Logan Ludwig is 13 years old. Like other kids, he likes to play Guitar Hero and hang out with his friends on Facebook. 58 days ago he found out that his grandfather, a decorated police officer of 19 years, was dying of stage 4 lung cancer. Because of a loophole, his employer, the Washington Metropolitan Area Transit Authority, had denied him benefits and cut his pension from $3000/month to $700/month. Officer Ludwig was forced to sell his home, declare bankruptcy, and live in the basement of one of his son’s homes.
Logan was broken-hearted for his grandad and fishing buddy. He made a Facebook page for Officer Ludwig, which spread like wildfire among his extended family, fellow police officers, cancer survivors, and even Metro employees. He used a combination of Facebook ads and fan page management techniques to grow the user base to 16,000 fans, now increasing at 3,000 fans a day and attracting media attention. Some call this the “BP moment” for Metro Transit.
He did so without any need of programming skills– no custom tabs, FBML/HMTL tricks, or Facebook application development. He did follow some basic Facebook marketing principles, which can be found in our Facebook Pages guide, and had some coaching from his father, a veteran of Internet marketing. This is what Logan did and why:
CHOOSE A GREAT PAGE NAME
Once you choose the name, you can’t change it. If it’s too long, you’ll see the triple dots. If it doesn’t resonate with emotional meaning, people won’t become a fan. If you’re choosing a page name for SEO value only– to inject as many keywords as you can– you’re misguided. Logan chose “Officer Ludwig”. It’s short, conveys authority– and it’s personable. Facebook users want to interact with people, not nameless entities. Further, your page name automatically becomes your ad headline, so it better fit in that context. And since most people still don’t realize that those 3 messages on the side of the page are ads, an ad that says “Officer Ludwig”, has Officer Ludwig’s face, and has a personal greeting from him will draw attention!
If the page title was “Washington Metro Abandons Injured Officer” (which you might choose if writing a news headline or page title to rank in Google search), his mission would have failed. That’s how simple and critical a page title is.
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BUILD UP SEED CONTENT
The chicken and the egg of web promotion is that you need great content to attract users but that if you don’t have users, great content will sit there unnoticed. Logan sidestepped that dilemma by pre-loading just a few items– a couple wall posts and a few photos. He didn’t put in a custom tab, since he doesn’t know how to program, nor did he do a video landing page– which also requires sophistication that most users don’t have. He did change the page admin settings to allow posts by fans and the page itself– which you’ll see later is absolutely critical to igniting viral growth.
CREATE A DUMMY ACCOUNT
Creating a fake account is technically against the Facebook terms of service. However, Officer Ludwig doesn’t use Facebook and is not in a condition to be using a computer. Further, if Logan’s own user account was admin on the page, any comment of his would show up as the page admin, not himself. And because he wanted to comment as both the page admin and himself, he used the two browser trick– using Firefox to be logged in as admin on the dummy account, then being logged into his personal account via Internet Explorer. He can alternate between the voice of the page and that of himself, which also serves to increase the Post Quality Score, also critical to viral growth. More on that in a bit.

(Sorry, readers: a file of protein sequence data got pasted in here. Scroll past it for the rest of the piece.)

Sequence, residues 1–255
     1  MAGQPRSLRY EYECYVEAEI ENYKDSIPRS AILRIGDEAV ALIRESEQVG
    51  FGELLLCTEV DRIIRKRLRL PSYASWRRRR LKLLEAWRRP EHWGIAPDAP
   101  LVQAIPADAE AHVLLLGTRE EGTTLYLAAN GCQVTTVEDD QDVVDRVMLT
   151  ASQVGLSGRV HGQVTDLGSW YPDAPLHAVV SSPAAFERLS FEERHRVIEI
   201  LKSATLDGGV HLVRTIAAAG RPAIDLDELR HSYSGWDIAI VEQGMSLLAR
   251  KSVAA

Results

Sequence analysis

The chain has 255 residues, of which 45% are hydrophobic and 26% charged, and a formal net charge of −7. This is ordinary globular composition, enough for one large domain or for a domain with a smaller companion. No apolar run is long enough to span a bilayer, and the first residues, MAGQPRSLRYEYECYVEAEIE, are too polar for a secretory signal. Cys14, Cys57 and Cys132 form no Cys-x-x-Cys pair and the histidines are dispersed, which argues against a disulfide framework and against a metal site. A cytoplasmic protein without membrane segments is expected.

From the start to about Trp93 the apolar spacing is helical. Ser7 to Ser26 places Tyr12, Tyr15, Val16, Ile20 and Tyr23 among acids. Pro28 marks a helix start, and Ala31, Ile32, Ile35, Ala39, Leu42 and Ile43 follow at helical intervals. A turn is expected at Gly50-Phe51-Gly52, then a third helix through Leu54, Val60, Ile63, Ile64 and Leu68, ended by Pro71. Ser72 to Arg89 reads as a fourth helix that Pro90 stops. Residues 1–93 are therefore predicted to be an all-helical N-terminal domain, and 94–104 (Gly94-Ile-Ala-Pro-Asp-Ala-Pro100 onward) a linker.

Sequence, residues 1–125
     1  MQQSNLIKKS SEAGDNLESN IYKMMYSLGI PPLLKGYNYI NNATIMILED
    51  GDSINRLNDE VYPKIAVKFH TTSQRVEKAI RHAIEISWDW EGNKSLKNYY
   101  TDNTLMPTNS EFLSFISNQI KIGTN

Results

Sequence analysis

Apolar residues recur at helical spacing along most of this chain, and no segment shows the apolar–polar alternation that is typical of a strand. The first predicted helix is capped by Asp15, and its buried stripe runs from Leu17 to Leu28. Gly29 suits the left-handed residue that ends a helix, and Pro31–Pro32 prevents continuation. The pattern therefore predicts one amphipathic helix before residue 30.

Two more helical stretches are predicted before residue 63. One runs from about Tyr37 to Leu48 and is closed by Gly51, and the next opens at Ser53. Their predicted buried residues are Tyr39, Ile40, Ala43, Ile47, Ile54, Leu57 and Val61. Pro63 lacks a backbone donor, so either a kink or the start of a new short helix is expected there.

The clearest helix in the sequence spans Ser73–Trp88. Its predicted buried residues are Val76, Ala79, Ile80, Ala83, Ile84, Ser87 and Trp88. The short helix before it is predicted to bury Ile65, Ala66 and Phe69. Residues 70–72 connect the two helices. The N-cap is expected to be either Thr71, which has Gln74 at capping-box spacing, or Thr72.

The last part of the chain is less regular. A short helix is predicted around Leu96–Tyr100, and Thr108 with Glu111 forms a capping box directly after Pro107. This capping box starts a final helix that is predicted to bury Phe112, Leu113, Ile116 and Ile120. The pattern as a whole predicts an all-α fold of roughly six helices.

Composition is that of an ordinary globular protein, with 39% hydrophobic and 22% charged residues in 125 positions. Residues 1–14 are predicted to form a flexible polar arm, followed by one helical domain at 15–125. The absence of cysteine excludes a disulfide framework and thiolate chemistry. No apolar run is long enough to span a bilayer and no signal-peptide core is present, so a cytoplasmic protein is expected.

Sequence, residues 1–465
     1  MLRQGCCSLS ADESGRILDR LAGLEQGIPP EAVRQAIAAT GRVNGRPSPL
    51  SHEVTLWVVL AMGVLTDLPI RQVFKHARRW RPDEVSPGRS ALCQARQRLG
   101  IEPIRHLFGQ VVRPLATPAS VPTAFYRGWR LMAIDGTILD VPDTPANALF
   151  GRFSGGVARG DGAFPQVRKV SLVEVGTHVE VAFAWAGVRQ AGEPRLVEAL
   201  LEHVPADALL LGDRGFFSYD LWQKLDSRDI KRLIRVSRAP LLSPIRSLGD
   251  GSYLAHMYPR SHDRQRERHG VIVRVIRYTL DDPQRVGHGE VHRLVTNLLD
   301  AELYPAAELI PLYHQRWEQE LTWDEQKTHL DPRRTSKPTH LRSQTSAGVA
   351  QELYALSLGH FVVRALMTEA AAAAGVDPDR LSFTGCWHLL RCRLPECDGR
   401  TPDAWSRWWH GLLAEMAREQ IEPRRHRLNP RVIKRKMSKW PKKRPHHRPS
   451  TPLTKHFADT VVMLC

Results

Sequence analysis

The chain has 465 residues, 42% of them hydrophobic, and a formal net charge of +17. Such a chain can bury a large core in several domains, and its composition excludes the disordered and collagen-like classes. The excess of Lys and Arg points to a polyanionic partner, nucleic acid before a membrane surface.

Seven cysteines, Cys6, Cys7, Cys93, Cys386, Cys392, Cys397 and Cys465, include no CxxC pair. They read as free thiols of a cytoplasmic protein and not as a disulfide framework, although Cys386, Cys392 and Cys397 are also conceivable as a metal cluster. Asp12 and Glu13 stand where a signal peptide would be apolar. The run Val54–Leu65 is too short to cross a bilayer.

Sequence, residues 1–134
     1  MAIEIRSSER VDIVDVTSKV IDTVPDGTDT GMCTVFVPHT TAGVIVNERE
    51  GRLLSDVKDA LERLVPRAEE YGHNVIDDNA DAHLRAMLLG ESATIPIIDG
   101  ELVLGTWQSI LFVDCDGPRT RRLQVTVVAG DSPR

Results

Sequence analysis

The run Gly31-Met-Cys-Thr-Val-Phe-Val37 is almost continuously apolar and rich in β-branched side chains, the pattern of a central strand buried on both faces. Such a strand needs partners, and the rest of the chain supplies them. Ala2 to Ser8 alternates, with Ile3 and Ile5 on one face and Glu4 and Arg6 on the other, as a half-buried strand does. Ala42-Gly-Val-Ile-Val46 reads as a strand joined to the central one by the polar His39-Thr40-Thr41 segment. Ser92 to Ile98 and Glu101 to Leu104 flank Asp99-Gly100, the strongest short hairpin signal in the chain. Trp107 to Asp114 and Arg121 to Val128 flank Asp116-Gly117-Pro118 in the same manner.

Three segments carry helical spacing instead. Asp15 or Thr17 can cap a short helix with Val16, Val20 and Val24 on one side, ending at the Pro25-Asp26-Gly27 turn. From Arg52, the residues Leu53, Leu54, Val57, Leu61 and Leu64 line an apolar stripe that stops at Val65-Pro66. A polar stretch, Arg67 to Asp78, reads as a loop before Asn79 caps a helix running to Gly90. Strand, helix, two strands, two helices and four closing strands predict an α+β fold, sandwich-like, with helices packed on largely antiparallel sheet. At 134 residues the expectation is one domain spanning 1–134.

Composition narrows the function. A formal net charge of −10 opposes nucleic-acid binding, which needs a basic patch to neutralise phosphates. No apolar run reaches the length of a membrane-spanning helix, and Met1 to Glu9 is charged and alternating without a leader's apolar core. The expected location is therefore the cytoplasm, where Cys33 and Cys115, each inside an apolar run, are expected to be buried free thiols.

(This trick is not endorsed by the editors of this site.)
RUN ULTRA TARGETED, ULTRA PERSONAL ADS
Officer Ludwig being a highly decorated officer– 54 commendations in his career– is well-known in the Washington DC area. So Logan ran ads using Facebook’s workplace targeting, showing messages to DC police officers with “officer down”, “signal 13″, and other vernacular that fellow officers would identify with. He spent a couple days with his uncle, a police officer, and other officers, so he could get the lingo down– to find what combination of messages would resonate. How many advertisers a multiple of Logan’s age don’t spend time understanding their audience base so they can find the right messaging?
As we mentioned in the first step, choosing the page title of “Officer Ludwig” brought immediate relevance to his ads. If you’re a police officer and see such a message on your profile, with a picture of Officer Ludwig in uniform, then you’re quite likely to click on it. Since you probably don’t know it’s an ad– doesn’t look like one– it has significant credibility. The key to the initial testing phase is to get a VERY HIGH click through rate, just like you would in Google PPC. This gives the rest of your campaign a tail wind.
His ad CTR was over 1%, while most advertisers are in the 0.020% range– 50 times worse. At a few pennies a click and up to an 80% click-to-fan conversion rate, he’s paying a nickel a fan. For $100, he got 2,000 direct fans in the first few hours. This doesn’t include the additional viral fans, which he got for free, because his Post Quality Score was so high.
The thin blue line protects their own. Police officers all over the region began to express outrage at how Officer Ludwig was being treated– posting their comments, sending the page to friends, and asking how they could assist. Logan kept the page regularly updated to keep engagement high. As evidence of strong initial engagement, note the 18.8% feedback ratio on this piece of content:
This sends a strong signal to Facebook that the page content is interesting, which helps it to show up in the news feed of friends of fans. Check the feedback rates on your posts– are they less than 1%, which means you’re not relevant or perhaps even spammy?
Logan tried posting other content– a music video about making wishes, which had only a 0.19% feedback rate:
And later he tried a picture of his grandfather in the hospital bed, which drew only 1.39% feedback, but got 217 likes and 143 comments: